The National Assembly approved the Prevention of Electronic Crimes Bill 2016 once and for all last week amid widespread criticism, and many felt that the issue had reached its end, but the activism to mitigate the bill’s problems hasn’t died down yet. The bill has made it through parliament, but has to pass one more step before it becomes law: get the assent from the President.
As such the Committee to Protect Journalists (CPJ), an international, independent watchdog body, has urged Pakistan’s President Mamnoon Hussain to exercise his right and veto the bill. Technically, they are right, a bill has to receive the President’s assent to become a law, but calling it a ‘right’ to veto would be incorrect – it is really a formality.
A convention kept alive for symbolic and administrative reasons, the President’s signature is a no threat to a bill passed by the Parliament. A fact which is especially true if the President is Mamoon Hussain – who has rarely ventured forth politically and has never departed from the party line of Pakistan Muslim Leauge Nawaz (PML-N). The appeal to Mamnoon Hussain will yield no result, he will sign the bill, but the mere act of making it has brought the cybercrime bill back into the news cycle if not the narrative of the nation.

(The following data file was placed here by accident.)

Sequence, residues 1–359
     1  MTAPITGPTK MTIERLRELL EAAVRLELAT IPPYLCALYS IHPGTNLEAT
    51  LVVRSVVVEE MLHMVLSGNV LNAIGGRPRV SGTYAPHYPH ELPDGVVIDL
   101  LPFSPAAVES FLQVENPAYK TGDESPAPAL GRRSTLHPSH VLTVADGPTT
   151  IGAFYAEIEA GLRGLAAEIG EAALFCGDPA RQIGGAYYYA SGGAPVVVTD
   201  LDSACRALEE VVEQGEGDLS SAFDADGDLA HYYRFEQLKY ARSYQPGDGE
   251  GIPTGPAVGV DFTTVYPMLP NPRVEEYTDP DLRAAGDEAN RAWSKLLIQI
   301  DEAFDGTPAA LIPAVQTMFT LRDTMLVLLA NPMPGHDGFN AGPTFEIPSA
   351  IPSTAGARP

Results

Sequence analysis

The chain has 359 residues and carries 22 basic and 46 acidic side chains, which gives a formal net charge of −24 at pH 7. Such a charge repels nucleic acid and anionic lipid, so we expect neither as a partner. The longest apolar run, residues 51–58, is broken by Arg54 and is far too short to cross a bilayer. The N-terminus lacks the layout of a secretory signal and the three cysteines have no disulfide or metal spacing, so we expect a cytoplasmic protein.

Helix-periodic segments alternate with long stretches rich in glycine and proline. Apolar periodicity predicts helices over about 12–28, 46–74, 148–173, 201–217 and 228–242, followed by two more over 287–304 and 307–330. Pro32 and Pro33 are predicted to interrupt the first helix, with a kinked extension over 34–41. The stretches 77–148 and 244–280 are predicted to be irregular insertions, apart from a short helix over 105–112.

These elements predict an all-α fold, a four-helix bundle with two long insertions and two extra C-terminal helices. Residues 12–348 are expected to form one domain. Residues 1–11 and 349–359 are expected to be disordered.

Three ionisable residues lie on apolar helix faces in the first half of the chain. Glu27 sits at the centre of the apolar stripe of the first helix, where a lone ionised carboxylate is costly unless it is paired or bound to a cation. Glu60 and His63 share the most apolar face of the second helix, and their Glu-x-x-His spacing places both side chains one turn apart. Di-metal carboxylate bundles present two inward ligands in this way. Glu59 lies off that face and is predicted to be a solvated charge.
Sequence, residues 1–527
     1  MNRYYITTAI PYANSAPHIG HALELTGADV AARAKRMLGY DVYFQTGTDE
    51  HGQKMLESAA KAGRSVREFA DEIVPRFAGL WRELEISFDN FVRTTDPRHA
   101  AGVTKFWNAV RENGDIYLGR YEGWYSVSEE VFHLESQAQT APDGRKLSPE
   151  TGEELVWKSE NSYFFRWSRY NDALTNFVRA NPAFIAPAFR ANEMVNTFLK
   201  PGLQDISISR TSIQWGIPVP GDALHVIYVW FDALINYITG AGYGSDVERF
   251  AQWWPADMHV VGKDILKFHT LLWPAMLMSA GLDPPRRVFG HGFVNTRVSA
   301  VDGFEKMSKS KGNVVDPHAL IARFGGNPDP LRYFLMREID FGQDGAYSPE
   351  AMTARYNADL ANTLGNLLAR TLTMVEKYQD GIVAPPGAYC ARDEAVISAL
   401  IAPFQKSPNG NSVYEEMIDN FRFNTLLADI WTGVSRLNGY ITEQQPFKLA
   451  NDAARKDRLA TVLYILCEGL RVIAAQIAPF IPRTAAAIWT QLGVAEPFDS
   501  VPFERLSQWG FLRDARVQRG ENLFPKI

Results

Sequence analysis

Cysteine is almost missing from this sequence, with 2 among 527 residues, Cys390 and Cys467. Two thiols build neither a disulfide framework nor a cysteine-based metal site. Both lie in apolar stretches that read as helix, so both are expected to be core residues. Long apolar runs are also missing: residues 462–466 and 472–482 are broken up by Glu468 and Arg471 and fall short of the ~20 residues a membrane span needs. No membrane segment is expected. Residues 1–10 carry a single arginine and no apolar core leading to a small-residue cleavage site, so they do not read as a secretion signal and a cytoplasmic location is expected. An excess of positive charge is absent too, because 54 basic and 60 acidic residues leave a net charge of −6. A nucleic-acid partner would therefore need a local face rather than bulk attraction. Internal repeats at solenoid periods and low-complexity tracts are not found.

Hence it is more important to pay attention to the words of CPJ instead of the demand. They have criticised the bill in strong tones and have succinctly highlighted the cumulative danger posed by the bill. Saying “the bill has many vague and over-broad provisions that authorities could easily abuse to censor critical speech and reporting and to threaten and target journalists”
Coming from and independent source, this assessment must factor in our future conduct.